“What if we took seriously the form of thinking that we find in tragedy, and the experience of partial agency, limited autonomy, deep traumatic affect, agnostic conflict, gender confusion, political complexity, and moral ambiguity that it presents?” — Simon Critchley in Tragedy, the Greeks and Us
‘Critchley on Tragedy’ is one of the most popular courses at The New School in New York City. After 10 years of teaching it, philosopher Simon Critchley has crystallised it into Tragedy, The Greeks and Us. In this book, he explores the worldview of ancient tragedy, revealing a world of “ambiguity, duplicity, uncertainty, and unknowability”, and relates it to our contemporary concerns. He often traces the ideas of Aeschylus, Sophocles, and Euripides to centuries of later literary and philosophical tradition.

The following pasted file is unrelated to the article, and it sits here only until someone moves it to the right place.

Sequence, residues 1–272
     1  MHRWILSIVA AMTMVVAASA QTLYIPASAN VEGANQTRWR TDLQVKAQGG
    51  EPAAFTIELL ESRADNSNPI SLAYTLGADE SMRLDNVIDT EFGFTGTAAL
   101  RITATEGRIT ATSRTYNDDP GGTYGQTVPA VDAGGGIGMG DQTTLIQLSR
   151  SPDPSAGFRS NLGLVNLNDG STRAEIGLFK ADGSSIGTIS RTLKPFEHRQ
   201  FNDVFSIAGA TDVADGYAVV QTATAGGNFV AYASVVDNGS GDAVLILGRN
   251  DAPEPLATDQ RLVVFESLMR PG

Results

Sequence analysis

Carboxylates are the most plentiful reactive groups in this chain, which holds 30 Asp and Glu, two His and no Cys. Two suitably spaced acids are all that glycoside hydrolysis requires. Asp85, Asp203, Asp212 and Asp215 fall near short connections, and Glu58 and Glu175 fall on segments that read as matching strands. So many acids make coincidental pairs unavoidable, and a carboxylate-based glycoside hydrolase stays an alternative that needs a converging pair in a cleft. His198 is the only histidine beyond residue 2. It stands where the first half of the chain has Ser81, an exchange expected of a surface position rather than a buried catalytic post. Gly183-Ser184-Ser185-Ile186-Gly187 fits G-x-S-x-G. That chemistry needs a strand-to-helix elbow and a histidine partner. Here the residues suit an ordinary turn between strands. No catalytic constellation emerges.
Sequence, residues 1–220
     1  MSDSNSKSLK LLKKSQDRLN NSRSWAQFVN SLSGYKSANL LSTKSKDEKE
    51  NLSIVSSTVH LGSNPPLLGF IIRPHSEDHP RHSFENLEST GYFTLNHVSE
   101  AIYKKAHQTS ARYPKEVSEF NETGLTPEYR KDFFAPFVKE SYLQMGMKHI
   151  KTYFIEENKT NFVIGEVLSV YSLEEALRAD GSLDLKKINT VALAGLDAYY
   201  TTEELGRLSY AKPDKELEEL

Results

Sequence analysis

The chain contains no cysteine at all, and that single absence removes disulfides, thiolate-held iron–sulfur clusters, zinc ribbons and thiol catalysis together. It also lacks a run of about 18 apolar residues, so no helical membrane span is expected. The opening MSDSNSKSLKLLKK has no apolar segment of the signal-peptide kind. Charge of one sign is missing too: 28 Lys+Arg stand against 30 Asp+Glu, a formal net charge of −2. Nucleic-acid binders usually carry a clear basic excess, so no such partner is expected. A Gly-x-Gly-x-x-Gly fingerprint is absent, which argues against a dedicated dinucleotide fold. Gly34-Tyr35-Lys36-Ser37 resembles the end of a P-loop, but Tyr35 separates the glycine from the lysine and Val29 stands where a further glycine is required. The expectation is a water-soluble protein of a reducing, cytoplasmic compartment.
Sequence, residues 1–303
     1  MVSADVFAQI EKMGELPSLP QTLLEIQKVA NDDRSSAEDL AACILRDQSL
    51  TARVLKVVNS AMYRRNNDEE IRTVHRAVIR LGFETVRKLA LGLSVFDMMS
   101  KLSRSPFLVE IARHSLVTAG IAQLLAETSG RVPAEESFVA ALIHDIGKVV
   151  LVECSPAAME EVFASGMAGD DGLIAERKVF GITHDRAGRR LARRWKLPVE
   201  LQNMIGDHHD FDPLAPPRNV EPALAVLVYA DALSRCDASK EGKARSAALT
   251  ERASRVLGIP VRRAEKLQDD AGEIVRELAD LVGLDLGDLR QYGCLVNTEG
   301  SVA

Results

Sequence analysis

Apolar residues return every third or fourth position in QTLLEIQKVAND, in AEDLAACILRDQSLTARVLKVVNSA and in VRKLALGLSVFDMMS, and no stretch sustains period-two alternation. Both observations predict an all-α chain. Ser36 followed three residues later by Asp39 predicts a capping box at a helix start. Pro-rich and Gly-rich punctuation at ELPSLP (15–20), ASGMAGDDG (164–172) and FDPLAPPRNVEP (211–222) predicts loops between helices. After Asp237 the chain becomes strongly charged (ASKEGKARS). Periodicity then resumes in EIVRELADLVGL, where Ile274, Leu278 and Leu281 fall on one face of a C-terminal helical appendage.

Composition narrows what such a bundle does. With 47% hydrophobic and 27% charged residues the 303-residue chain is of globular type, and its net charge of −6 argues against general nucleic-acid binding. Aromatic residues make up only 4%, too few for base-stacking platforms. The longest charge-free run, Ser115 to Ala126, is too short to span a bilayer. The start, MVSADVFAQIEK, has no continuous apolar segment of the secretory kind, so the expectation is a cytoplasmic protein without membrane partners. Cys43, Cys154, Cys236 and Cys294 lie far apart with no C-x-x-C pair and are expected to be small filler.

Simon Critchley has spoken to Five Books about the best continental philosophy books.